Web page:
Friday’s have become maddening. I was out of the office earlier today and expect to be out again later, but I’m doing the Megalinks early so I can be done with them and be free for other stuff tonight.
As always, check out the Weekend Viewing Picks for the sports and entertaining programming.
We’ll begin with Andy Staples from Sports Illustrated who writes that the Longhorn Network has suddenly created a big problem for Big 12 Conference schools not named “Texas.”
Gavin J. Blair of the Hollywood Reporter says one of Japan’s networks will begin airing women’s soccer in the wake of the country’s win in the Women’s World Cup last week.
Mike Reynolds from Multichannel News says MSG Network will celebrate Baseball Hall of Fame Weekend with a marathon of Halls of Fame specials.
Jessica Shambora of Fortune says ESPN succeeds where other cable channels don’t.
Glenn Davis of SportsGrid notes that NFL Players Association Executive DeMaurice Smith snuck up on ESPN reporters George Smith and Chris Mortensen during a live shot on Thursday.
Cam Martin at SportsNewser has former Howard Stern Show castmember Artie Lange confirming that he’s in talks to do a Fox Sports Radio show.
Karen Hogan of the Sports Video Group mentions that ESPN Films will premiere a new documentary on famed Georgia running back Herschel Walker in September.
CNBC’s Darren Rovell tells us that he’s going to sing the national anthem before a selected MLB game next month.
Sports Media Watch has some various ratings news and notes.
Steve Lepore of Puck The Media waxes poetic about Mike Emrick’s departure as Voice of the New Jersey Devils.
Matt Yoder of Awful Announcing has the site’s next matchup in its Joe Morgan Memorial Tournament, Joe Buck vs. Jim Gray. That’s a tough choice.
Ryan Yoder from AA says ESPN is taking a chance on airing live poker.
Joe Favorito asks who really benefits from the World Cup?
Dave Kohl at Major League Programs has a review of the week in sports media.
Dom Cosentino of Deadspin notes that San Francisco Giants announcer Jon Miller is still bitter about his firing by ESPN.
East and Mid-Atlantic
Chad Finn of the Boston Globe talks with Sunday Night Baseball analyst Bobby Valentine about his first year in the broadcast booth.
The New York Times’ Richard Sandomir talks with Mike Emrick about his decision to leave the New Jersey Devils.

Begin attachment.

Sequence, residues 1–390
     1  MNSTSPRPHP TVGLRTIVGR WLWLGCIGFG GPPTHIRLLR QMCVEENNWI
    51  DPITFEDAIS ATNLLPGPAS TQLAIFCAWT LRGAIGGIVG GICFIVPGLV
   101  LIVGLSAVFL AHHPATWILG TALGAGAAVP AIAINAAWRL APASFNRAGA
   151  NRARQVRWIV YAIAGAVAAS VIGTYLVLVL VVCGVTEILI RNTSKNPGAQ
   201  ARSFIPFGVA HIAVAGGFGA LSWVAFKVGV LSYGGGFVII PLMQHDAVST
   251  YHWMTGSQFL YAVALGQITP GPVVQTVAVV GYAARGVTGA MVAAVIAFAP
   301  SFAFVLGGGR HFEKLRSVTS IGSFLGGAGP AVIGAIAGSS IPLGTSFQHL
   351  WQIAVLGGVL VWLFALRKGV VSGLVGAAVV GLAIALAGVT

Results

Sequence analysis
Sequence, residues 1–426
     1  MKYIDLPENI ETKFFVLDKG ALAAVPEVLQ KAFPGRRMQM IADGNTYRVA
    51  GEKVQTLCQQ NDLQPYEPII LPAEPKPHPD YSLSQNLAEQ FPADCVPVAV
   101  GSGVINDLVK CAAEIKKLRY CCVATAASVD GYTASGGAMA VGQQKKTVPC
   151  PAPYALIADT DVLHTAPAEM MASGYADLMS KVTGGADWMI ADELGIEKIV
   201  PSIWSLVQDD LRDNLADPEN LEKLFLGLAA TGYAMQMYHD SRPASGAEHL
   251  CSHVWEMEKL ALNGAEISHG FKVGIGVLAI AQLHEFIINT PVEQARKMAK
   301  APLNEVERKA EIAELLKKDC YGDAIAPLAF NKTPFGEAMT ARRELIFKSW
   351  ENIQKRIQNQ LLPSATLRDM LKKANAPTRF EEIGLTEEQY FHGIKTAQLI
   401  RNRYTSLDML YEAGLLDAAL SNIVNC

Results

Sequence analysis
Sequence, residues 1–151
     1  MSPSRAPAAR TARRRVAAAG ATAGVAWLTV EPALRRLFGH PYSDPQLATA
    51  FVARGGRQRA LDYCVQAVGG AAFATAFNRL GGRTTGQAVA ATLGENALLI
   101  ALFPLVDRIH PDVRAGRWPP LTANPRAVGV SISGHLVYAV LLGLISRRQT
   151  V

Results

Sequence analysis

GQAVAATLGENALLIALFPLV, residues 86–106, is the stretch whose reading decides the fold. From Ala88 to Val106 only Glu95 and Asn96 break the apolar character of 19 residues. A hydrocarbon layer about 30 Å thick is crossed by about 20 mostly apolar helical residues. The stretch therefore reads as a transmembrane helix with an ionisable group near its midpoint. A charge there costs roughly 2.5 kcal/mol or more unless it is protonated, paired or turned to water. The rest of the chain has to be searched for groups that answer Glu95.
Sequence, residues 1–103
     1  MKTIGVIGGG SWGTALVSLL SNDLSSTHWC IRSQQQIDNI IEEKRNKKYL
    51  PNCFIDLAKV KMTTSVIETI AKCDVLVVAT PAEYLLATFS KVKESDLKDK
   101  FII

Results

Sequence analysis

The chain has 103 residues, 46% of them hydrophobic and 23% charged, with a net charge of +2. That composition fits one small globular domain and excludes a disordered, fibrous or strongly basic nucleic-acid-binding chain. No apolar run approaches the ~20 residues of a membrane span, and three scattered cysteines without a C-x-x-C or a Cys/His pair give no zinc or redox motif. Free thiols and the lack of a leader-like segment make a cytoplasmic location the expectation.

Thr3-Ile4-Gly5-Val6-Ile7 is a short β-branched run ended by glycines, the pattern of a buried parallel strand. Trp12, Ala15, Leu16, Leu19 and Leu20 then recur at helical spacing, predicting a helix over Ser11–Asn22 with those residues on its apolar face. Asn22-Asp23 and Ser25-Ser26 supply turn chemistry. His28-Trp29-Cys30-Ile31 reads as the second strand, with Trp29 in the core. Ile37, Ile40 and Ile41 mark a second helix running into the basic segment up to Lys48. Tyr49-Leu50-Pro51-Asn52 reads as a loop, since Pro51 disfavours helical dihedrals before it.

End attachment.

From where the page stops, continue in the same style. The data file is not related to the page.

Newsday’s Neil Best writes that the Derek Jeter 3,000 hit chase has put a famous memorabilia company into the spotlight one again.
Neil talks about New Jersey announcers departing their teams after long runs.
Phil Mushnick of the New York Post admits that he loves to hate WFAN’s Mike Francesa.
Justin Terranova of the Post writes about Hall of Fame announcer Mike Emrick leaving the New Jersey Devils after 21 seasons.
Justin has five questions for ESPN NFL Insider Adam Schefter.
Pete Dougherty of the Albany Times Union talks with an NBC Sports executive about how its summer horse racing series from Saratoga came to fruition.
Dave Hughes from DCRTV.com writes in Press Box that one Baltimore TV station is cutting back on its sports coverage.
The Washington Post’s Dan Steinberg revels in an on-air argument on one of the local sports radio stations in the DC Sports Bog.
At the Houston Chronicle, Brent Zwerneman writes that Texas A&M officials are very concerned about the Longhorn Network and what it means for the future of the Big 12 Conference.
The Chronicle’s David Barron has statements from Big 12 Commissioner Don Beebe and Longhorn Network owner ESPN about the conference’s temporary cease-and-desist order on airing high school football games and a Texas conference game.
David says the Longhorn Network saga could make for good reality TV.
David says while Longhorn Network is prevented from airing high school football for now, Fox Sports Southwest will have an NFL Red Zone Channel-like high school football block on Friday nights.
Suzanne Halliburton of the Austin Statesman-American says Longhorn Network programming is currently in limbo.
From the Daily Oklahoman, Mel Bracht writes that ESPN will document the Oklahoma football program as it prepares for the 2011 campaign.
John Erardi of the Cincinnati Enquirer notes that ESPN’s Barry Larkin is coming back to the Queen’s City this Sunday.
Michael Zuidema of the Grand Rapids (MI) Press writes that a local TV sports director is back on the job after corrective neck surgery.
Ed Sherman at Crain’s Chicago Business has this week’s winners and losers.
Roman Augustoviz says WNBA star Maya Moore will give viewers an inside look at the WNBA All-Star Game tomorrow.
John Maffei at the North County Times says there’s too much money being left on the table for an extended NFL lockout.
Bill Shakin of the Los Angeles Times writes that court documents show MLB was very skeptical of how Fox’s money for an extended rights deal could have helped the Dodgers remain competitive.
Tom Hoffarth of the Los Angeles Daily News says Minnesota Twins analyst Bert Blyeven credits Dodgers voice Vin Scully for helping him to become a Hall of Fame pitcher.
Jeff Faraudo of the San Jose Mercury Times reports that ESPN Deportes now has an affiliate in the Bay Area.
Jon Wilner of the Mercury Times tries to handicap what will happen next with the Pac-12 Network.
Bruce Dowbiggin at the Toronto Globe and Mail looks at Bryant Gumbel’s closing comments on the US Women’s soccer team on HBO’s Real Sports.
And that’s going to do it. Stay cool on this scorcher of a day.